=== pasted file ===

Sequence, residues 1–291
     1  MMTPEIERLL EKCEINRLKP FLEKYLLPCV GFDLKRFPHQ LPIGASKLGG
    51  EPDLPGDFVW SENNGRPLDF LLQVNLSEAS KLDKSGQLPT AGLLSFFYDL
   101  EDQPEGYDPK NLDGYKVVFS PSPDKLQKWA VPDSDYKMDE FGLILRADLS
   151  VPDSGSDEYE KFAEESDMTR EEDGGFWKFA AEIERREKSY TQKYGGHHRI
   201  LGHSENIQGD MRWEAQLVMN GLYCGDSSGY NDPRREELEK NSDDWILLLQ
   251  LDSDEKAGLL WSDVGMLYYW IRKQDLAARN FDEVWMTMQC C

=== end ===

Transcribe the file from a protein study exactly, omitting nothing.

Sequence, residues 1–291
     1  MMTPEIERLL EKCEINRLKP FLEKYLLPCV GFDLKRFPHQ LPIGASKLGG
    51  EPDLPGDFVW SENNGRPLDF LLQVNLSEAS KLDKSGQLPT AGLLSFFYDL
   101  EDQPEGYDPK NLDGYKVVFS PSPDKLQKWA VPDSDYKMDE FGLILRADLS
   151  VPDSGSDEYE KFAEESDMTR EEDGGFWKFA AEIERREKSY TQKYGGHHRI
   201  LGHSENIQGD MRWEAQLVMN GLYCGDSSGY NDPRREELEK NSDDWILLLQ
   251  LDSDEKAGLL WSDVGMLYYW IRKQDLAARN FDEVWMTMQC C